Housing

It always breaks my heart a little when I get an invitation to a going-away party for a friend that is moving to Las Vegas because they can no longer afford to live here. Like many other Hawaii residents, Hawaii is home for me. Considering the high number of my peers that are considering leaving Hawaii due to the high cost of living, I will address this issue head on.

 

The housing shortage in Hawaii gets worse every year. A 2015 Department of Economic Development and Tourism (DBEDT) study revealed that we need 65,000 housing units by the year 2025 just to keep up with new demand, and that is on top of our previous housing shortage. As a young working professional it has become impossible for myself and many like myself to own a house. 

 

Here is my action plan to end Hawaii’s housing shortage, to assure that every Hawaii resident can afford a home here:

 

  • Support the ALOHA Homes proposal

  • Create more affordable rentals 

  • Expand on Section 8 vouchers and get people off the waitlist

  • Stop the proliferation of vacation rentals in residential neighborhoods

  • Establish the Office of Renovations & Maintenance in the Hawaii Public Housing Authority

 

In 2019, Senator Stanley Chang introduced a proposal called ALOHA (Affordable, Locally Owned Homes for All) Homes. It would build condos near the rail stations and sell 99 year leases to local buyers. To purchase you would need to meet three requirements:

 

  1. Be an owner occupant

  2. Own no other real property

  3. Be a Hawaii resident

 

Other countries have already implemented this change to fix their housing shortages, and they never looked back. Take Singapore, for example, an island state with limited land that faced an existential housing crisis in the 1960s. The government used the 99 year lease model to build enough housing to meet demand, and today 82 percent of the population lives in attractive, well maintained public housing that costs only $180,000 for a new, three bedroom, two bath condo.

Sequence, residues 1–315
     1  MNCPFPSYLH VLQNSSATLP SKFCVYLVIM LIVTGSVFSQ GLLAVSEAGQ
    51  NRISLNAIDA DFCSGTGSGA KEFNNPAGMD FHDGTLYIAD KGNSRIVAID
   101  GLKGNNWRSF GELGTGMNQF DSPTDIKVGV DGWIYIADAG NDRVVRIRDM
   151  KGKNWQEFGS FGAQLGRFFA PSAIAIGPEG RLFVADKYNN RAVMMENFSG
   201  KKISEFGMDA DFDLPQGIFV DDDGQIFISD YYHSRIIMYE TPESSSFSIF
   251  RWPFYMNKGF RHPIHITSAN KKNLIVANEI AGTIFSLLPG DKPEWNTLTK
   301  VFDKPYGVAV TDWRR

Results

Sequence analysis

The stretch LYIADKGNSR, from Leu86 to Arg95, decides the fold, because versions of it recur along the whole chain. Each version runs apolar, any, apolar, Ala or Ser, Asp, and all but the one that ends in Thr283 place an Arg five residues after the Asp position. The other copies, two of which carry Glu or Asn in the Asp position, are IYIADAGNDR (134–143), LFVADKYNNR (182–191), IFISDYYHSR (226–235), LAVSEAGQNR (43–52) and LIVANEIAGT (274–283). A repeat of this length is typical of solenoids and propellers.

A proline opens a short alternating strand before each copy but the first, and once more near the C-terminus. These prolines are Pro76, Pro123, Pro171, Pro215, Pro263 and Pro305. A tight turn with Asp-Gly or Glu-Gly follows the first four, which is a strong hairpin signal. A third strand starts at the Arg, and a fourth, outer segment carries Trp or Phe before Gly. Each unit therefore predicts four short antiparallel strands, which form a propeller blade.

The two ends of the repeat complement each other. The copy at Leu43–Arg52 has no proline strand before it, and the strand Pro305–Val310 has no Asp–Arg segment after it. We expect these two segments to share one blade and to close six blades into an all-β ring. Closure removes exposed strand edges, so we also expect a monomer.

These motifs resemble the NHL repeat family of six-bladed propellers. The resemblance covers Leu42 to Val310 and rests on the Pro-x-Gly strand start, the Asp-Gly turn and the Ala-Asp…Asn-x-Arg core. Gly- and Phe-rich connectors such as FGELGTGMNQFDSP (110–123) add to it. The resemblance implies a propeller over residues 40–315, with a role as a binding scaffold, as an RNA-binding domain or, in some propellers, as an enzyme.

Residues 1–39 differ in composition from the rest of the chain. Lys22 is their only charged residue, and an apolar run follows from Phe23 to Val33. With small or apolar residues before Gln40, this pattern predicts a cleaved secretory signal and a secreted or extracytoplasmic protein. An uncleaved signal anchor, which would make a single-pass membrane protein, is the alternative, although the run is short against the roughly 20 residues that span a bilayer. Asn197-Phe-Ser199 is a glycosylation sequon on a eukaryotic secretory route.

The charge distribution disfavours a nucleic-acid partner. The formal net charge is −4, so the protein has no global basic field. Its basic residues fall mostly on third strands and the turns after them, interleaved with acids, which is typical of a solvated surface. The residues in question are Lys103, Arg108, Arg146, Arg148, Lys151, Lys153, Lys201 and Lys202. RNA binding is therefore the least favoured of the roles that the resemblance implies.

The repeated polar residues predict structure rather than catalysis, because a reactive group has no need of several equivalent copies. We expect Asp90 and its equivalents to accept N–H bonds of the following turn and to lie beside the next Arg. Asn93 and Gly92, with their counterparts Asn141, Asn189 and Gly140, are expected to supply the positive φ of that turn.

As ALOHA Homes is a long-term solution to our housing shortage, it is important for us to create more affordable rentals, quickly. At the moment, we face a homeless crisis that is in desperate need of more affordable rental units.

 

The State should inventory vacant buildings around the island and purchase them to develop affordable housing. The State should engage the surrounding communities with utmost transparency. 

 

To ensure our residents have a place to call home, we need to engage the private sector. This means creating a Landlord Liaison within the Hawaii Public Housing Authority (HPHA) to work with landlords to open up rental units for Section 8 housing voucher recipients. Having worked with HPHA and Senator Chang, it is important that we have a liaison to work with landlords and tenants. I’m proud to have played a role in the passing SB 9 in 2019 that creates an insurance program that encourages landlords to accept more Section 8 vouchers.

 

As these partnerships develop, and more people successfully use Section 8 vouchers to achieve housing, we would be able to open up the Section 8 waitlist to allow more recipients who are struggling to get in. Creating a cycle where Section 8 recipients can graduate to private sector housing will help more needy families who need it.  Expanding Section 8 vouchers would help many individuals achieve housing.

 

Our housing shortage is also exacerbated by illegal vacation rentals. I believe that we need to stop the proliferation of vacation rentals in residential neighborhoods. Many vacation rentals change the landscape of neighborhoods, disrupting the area at different hours while making housing out of reach for potential renters.

 

Finally, it is my priority to maintain our public housing units to meet high standards, which is why I would propose to establish the Office of Renovations & Maintenance in the Hawaii Public Housing Authority. Right now, public housing is in disrepair as we have neglected updating and maintaining our public housing inventory. When it is left unmaintained, it depreciates the value of the neighborhood. Maintaining our inventory allows the residents and neighbors to have pride in their neighborhood, and makes it safer and more community oriented. 

 

My peers are not the only ones that are faced with the difficult decision to stay in Hawaii. Our kupuna are living on limited fixed incomes. Rather than enjoying their retirement, our kupuna are having to work past retirement age to make ends meet.

 

People often say that we are being priced out of paradise, but we are actually being priced out of our homes. Our young professionals are fighting for their place here, but as each and every day goes by, it has become harder and harder for them to stay. I vow to make housing a top priority because if one wants to leave Hawaii for a job on the mainland it should be on their own terms, not because of a system that is pushing them out.

 

Affordable housing is not just a solution to a problem for me. It is a way to keep our families together so that we thrive as a community, grow as a community and come together as a community.

Paid for by Friends of Adrian Tam

1585 Kapiolani Blvd #728

Honolulu, HI 96814